The worldview of unbelievers and Christians can be nothing but different– at times even being diametrically opposed to each other. (1 John 2:15-17) We have no business disguising or softening those differences with the trappings of the world. (Romans 12:2) Jesus dealt with this subject in a number of ways on more than one occasion; declaring himself to be the light of the world (John 8:12), drawing attention to his words and lifestyle. In assigning us that same responsibility, he challenges us to never hide or dampen that light, instead encouraging us to find ways to project it onto others; enhancing their vision while exposing evil. (Matthew 5:14-16, John 1:1-5 & 1 John 1:5-7) In referring to us as the salt of the earth, he further calls on us to be the “spice of life”, adding a distinctive flavor to this pot of stew we call the world. (Matthew 5:13)

Paul assured us that, “If anyone is in Christ, he is a new creation; the old has gone, the new has come!” 2 Corinthians 5:17 This echoed Christ’s characterization of his followers pronounced uniqueness, wherein he pointed out the uselessness of using new cloth to patch an old garment, the ruining of both being the result; likewise the waste of new wine being poured into old wineskins. (Mark 2:21,22) This separation of new from old will often cause disagreements and conflict, through which we can seek to find common ground. But at times we must unequivocally disagree – hopefully in an agreeable manner – standing firm in who we are called to be in Christ, whether that is understood and appreciated or not. In fact, Jesus warned that, “…men will hate you because of me, but he who stands firm to the end will be saved.” Matthew 10:22 Further explaining that, “If the world hates you, keep in mind that it hated me first. If you belonged to the world, it would love you as its own..., (But) you do not belong to the world… I have chosen you out of the world. That is why the world hates you… No servant is greater than his master. If they persecuted me, they will persecute you also.” John 15:18-20 The reason for these dire warnings? “I have told you these things so that in me you may have peace. In this world you will have trouble. (Or as Paul verified, “…everyone who wants to live a godly life in Christ will be persecuted.” 2 Timothy 3:12) But take heart! I have overcome the world.” John 16:33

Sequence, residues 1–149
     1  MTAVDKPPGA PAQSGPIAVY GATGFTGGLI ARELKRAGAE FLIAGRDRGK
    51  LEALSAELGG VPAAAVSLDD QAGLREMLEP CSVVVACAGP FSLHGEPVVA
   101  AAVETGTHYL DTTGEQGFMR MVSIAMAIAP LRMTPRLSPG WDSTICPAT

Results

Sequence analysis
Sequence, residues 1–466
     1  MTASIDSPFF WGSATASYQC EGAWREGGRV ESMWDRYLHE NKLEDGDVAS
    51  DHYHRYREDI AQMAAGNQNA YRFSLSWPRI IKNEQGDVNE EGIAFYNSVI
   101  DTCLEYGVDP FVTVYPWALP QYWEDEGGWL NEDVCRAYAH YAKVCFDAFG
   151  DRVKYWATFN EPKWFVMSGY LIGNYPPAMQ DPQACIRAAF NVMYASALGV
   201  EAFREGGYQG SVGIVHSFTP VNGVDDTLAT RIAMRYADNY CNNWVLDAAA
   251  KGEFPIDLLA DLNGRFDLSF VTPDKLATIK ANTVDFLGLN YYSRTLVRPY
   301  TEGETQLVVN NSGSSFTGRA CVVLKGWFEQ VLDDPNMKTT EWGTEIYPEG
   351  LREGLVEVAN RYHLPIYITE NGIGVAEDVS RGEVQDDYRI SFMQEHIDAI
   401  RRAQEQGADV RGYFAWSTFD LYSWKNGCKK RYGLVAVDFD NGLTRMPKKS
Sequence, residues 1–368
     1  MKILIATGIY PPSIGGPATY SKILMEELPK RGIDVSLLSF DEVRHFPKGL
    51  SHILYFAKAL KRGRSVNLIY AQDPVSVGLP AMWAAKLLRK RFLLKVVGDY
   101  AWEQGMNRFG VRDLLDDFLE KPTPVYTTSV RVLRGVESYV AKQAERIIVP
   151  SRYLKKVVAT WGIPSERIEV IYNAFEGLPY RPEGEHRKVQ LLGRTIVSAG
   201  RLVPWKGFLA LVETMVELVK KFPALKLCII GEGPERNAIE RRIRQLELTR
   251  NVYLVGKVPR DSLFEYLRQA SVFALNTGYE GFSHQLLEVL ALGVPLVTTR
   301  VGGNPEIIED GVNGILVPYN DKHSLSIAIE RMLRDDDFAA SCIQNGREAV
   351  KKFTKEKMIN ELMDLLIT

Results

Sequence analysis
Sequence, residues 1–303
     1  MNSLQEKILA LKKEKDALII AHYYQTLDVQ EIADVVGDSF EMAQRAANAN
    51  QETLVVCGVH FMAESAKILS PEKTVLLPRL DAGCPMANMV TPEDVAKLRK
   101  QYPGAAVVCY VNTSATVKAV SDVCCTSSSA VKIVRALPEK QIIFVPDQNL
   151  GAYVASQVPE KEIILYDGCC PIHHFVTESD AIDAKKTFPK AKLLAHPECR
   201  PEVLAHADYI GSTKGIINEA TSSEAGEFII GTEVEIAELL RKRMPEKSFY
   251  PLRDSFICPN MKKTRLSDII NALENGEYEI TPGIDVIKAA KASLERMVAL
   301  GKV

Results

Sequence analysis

We must stand firm, we can be courageous; which will take strength of character and a thorough understanding of God and His word. That may make us appear radical, but is that really so bad? Radical at times defined as something or someone rooted in a fundamental source, being extremely thorough and true to that source, which can at times make them appear out of touch with their rootless surroundings. Thus Paul’s reminder that, “…God did not give us a spirit of timidity, but a spirit of power, of love and of self-discipline.” 2 Timothy 1:7 That balance of power, love and self-discipline sometimes hard to achieve but certainly doable. (See also 1 Corinthians 16:13,14) Manifesting these qualities in your life will make you distinctive in every way; to God’s glory and the benefit of everyone around you.

1Although these quotes are several years old, they are still relevant and applicable to the social, political and moral circumstances we find ourselves in today; sadly highlighting the lack of growth and change in our political maneuverings and church responses to our ever-changing but morally similar culture.